Facade of the Constitutional Court of Guatemala.
Guatemala’s Constitutional Court on Wednesday of this week forwarded to the Supreme Court the protections for the records of the Public Ministry offered by the Supreme Electoral Tribunal (TSE).
Since the amparo was filed contrary to the decision of First Criminal Case Judge Freddy Orellana, who authorized the search, the judges sent it to the Supreme Court “on the basis of jurisdiction” to designate an appellate court. decided to do so.
The decision comes after the top election authority filed a lawsuit seeking protection of records conducted at the Center for Electoral Process Operations (COPE), where officials released minutes and began counting some ballots. It was conducted.
The public prosecutor’s office issued a statement explaining that the act not only does not violate the TSE’s authority and does not change the administration of voting, but is also protected by the country’s criminal law.
“The procedures that are being followed following the election do not represent a recount of votes, change of votes, questioning of the election results, nor does it constitute a violation of the will of the people, as stated by third parties,” he said. was justified in the explanation. Social Network X, formerly Twitter.
In that sense, the public prosecutor’s office has not violated the constitutional order by following the judge’s order, and the investigation will “continue.”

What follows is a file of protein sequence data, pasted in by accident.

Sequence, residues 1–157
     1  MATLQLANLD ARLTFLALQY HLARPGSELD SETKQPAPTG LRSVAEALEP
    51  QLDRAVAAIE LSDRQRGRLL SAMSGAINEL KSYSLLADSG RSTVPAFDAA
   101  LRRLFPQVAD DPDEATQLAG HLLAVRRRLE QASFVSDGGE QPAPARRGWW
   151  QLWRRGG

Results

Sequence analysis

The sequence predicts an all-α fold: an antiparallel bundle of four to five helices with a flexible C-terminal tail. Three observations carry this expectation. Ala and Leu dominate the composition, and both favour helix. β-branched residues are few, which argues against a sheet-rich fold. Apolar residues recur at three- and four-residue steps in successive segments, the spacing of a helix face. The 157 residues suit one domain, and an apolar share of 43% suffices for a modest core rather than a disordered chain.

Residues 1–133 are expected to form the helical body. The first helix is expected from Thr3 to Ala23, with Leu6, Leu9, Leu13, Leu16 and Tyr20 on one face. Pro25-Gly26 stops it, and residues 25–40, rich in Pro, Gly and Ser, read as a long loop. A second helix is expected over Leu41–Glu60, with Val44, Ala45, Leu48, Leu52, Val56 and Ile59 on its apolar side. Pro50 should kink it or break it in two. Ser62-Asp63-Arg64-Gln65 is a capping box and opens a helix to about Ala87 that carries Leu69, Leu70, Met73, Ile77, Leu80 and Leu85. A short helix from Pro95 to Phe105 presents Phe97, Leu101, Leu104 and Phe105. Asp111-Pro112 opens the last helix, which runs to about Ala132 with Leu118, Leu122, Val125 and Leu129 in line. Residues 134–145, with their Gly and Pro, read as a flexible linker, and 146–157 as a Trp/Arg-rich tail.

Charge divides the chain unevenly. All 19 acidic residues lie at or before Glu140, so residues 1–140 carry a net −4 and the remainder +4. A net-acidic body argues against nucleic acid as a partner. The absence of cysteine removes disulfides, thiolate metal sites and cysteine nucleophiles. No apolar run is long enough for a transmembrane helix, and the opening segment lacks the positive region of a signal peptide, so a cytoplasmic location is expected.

Finally, he justified his efforts as “a fundamental pillar for preserving democracy and ensuring the faithful performance of the functions of each state institution.”
Amid political and judicial litigation over the consolidation of the results of the last presidential election won by leftist Bernardo Arevalo, the Guatemalan public prosecutor’s office opened a new investigation at the TSE facility on Tuesday.
Following the registration, Arevalo announced that he and outgoing President Alejandro Giammattei would suspend participation in the transition process and called for the resignation of Attorney General Consuelo Porras, Prosecutor Rafael Crusice, and Judge Freddy Orellana.
Since Semira’s surprising performance in the first round of elections on June 25, compared to poll expectations, Guatemala’s Ministry of Public Affairs has issued a number of documents invalidating the results and making political formation illegal. These actions have been condemned by the international community. community.